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Coba - Andy's adventures
This archaeological site is in the dense jungle of the Yucatan Peninsula of Mexico and contains about 6500 unique structures. It includes the highest temple in the Yucatan called Nohoch Mul. The Mayan civilization began to live there around 500 A.D. and it was at its peak around 800-1100 A.D. During these years, the Mayans built at least 16 sacbeoobs (white roads) and some were as long as 62 miles. Also during these years, the population grew to 55,000 people. The city grew to cover 44 square miles. Today, only 5% of the structure have been fully excavated.
My Personal Experience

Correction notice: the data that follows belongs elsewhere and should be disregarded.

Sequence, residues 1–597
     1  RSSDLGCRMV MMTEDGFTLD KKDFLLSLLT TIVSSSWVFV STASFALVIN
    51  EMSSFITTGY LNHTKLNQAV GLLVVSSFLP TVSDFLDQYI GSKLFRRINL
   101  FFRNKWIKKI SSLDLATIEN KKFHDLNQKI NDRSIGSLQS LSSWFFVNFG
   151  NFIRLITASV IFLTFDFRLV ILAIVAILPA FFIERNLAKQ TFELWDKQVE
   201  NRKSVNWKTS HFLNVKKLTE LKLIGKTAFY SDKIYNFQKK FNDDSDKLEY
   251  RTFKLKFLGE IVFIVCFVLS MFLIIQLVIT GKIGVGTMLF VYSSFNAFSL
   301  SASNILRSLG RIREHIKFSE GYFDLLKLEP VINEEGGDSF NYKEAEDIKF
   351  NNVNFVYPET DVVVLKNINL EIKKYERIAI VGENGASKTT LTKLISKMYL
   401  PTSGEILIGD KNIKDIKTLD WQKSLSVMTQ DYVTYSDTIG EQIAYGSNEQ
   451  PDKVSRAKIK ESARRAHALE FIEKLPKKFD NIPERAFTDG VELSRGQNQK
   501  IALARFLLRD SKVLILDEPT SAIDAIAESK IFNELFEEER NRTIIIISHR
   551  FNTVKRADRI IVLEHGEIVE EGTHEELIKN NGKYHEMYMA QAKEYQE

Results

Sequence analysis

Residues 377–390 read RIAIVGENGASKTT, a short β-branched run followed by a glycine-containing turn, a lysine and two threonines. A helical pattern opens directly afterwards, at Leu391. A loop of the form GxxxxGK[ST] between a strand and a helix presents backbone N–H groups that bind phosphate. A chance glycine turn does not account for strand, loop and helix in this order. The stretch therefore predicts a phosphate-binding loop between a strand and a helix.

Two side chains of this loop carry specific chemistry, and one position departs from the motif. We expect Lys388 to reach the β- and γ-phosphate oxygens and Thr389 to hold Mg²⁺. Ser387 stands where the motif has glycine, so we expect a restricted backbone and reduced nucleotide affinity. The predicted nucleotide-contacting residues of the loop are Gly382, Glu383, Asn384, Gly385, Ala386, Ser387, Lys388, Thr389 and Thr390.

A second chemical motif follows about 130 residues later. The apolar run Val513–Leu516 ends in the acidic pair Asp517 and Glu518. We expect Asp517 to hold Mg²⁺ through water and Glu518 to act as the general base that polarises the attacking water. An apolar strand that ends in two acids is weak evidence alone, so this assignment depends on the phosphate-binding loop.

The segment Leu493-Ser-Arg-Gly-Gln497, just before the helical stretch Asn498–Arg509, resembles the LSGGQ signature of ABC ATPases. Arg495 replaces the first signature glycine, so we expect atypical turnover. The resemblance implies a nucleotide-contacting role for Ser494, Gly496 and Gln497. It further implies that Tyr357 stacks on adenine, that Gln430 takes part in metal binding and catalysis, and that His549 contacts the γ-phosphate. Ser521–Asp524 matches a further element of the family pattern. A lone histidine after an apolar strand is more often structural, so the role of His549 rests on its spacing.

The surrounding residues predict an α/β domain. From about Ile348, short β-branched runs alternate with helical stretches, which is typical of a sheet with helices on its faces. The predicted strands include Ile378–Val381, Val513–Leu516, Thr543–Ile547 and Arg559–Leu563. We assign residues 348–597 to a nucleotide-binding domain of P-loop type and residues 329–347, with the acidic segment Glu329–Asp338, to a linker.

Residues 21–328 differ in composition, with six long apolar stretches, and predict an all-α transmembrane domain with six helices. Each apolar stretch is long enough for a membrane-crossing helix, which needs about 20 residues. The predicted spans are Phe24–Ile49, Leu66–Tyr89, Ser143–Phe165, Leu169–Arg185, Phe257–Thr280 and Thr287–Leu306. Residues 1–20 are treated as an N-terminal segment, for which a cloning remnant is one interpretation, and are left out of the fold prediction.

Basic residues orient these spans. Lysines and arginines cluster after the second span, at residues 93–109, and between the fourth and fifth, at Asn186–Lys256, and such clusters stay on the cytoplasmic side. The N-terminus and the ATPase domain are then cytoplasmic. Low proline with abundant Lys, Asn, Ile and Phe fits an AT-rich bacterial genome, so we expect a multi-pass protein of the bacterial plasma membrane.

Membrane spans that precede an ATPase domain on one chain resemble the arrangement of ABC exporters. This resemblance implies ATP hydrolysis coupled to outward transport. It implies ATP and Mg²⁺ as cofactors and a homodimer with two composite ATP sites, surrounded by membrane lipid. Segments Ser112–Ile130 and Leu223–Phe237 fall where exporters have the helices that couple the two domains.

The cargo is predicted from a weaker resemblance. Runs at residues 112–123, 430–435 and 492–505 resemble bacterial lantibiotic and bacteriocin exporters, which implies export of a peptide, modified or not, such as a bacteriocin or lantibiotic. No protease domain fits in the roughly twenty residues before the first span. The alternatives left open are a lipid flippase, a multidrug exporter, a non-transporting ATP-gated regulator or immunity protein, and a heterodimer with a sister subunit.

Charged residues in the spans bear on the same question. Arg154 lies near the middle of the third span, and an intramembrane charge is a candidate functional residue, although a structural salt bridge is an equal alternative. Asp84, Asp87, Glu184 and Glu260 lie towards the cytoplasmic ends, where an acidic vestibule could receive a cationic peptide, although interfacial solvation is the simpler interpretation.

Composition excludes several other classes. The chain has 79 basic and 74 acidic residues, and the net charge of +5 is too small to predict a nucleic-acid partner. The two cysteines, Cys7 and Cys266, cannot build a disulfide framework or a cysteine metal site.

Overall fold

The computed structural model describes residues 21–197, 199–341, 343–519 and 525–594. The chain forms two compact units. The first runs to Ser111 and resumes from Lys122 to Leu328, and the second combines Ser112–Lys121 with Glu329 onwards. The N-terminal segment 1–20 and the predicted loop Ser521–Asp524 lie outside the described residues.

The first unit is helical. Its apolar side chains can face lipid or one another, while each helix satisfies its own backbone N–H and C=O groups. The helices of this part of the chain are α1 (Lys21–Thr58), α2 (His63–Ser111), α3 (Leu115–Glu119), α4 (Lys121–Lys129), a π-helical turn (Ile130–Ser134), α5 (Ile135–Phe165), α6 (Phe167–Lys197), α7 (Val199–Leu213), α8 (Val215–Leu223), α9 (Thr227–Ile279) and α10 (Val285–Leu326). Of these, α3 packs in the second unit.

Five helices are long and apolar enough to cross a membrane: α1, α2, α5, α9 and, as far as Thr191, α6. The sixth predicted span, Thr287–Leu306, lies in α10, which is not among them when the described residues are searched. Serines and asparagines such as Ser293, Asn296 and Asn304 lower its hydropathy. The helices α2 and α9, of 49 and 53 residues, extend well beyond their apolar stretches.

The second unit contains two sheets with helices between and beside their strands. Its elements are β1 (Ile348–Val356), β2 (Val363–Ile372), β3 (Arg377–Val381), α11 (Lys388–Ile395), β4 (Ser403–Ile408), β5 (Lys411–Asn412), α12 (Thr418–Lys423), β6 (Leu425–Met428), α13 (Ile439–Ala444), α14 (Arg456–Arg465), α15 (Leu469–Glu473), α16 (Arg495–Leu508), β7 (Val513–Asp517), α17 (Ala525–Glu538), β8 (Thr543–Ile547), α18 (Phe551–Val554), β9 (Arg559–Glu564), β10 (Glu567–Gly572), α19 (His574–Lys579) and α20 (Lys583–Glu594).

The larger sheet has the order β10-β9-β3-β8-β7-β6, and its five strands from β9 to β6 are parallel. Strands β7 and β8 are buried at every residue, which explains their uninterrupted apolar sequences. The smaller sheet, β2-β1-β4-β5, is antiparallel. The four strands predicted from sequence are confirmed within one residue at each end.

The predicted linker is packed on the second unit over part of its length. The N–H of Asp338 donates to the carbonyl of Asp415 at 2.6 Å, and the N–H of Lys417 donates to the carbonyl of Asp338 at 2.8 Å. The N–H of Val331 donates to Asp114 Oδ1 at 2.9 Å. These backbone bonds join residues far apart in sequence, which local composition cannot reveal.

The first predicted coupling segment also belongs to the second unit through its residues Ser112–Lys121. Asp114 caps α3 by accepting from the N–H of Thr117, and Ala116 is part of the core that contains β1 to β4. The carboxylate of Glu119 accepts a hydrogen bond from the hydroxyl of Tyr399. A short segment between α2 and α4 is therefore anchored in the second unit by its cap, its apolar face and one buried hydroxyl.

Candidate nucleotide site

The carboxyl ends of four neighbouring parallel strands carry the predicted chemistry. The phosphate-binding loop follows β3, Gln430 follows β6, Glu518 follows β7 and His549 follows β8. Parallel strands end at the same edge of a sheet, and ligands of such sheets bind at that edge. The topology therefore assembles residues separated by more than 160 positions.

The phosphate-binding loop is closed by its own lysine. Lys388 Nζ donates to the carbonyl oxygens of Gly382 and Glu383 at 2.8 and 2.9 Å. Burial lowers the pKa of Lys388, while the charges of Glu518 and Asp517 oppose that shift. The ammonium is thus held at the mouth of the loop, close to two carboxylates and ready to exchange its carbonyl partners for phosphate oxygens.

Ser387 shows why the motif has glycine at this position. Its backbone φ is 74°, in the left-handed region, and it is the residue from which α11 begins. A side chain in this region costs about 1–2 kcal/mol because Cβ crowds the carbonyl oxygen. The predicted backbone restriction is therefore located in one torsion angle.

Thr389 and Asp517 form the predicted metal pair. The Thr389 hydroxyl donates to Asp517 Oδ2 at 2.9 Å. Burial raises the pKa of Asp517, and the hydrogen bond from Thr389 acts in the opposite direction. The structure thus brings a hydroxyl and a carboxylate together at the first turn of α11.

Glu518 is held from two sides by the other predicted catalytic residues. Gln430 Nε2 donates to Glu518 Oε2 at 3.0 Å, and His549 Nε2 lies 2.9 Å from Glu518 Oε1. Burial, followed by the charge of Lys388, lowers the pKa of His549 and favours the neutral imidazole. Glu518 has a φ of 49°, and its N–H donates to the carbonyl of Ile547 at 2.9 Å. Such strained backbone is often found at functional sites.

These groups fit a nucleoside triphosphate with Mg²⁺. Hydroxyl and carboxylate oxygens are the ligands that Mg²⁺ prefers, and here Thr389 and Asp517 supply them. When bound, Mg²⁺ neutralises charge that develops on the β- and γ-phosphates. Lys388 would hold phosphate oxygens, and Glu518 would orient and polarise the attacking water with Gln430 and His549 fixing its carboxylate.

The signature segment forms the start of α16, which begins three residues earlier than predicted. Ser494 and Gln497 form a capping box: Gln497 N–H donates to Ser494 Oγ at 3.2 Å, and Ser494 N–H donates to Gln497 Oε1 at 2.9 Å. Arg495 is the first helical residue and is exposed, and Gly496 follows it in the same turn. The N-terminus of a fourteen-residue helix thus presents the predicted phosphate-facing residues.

Driving to Coba was exciting. We had to go into the jungle on a narrow road. We only passed two "towns". Each town had just a few houses and, surprisingly, a little playground with a basketball hoop. At each town, Mayan children would run out to the car to try to sell things. When we reached Coba, there were a few tiny shops selling souvenirs, and a small entrance to the site. Once in Coba, there was a group of 4 or 5 structures that had been excavated. While we climbed halfway up one temple, a group of vultures sat at the top watching us. Then, we explored some of the tunnels under the temple and found some bats in the ceiling. As we walked down a long path to Nohoch Mul, I saw many temples hidden by the jungle. They seemed like just a bunch of dense jungle plants, but when you looked closely, you could see cut stone. Then when you looked even more closely, you could see a definite structure underneath the trees, leaves, and roots. Being in the jungle was definitely not like being in a fancy museum because this beautiful city has been largely ignored by the government and archaeologists. When I climbed Nohoch Mul, the steps were cracked and difficult to stay on. At the top of Nohoch Mul, you can see for many miles. Back on the ground, I saw the ball courts where the losing team was sacrified to the gods. It seemed amazing that the Maya could bounce the balls into the hoop using only their hips! In front of many of the monuments, there were stelae (carved and painted stone) in straw huts. Sometimes I could still see the glyphs and pictures on the stelae. I hope this site will encourage archaeologists to excavate and learn more about this outstanding city and the Mayan culture.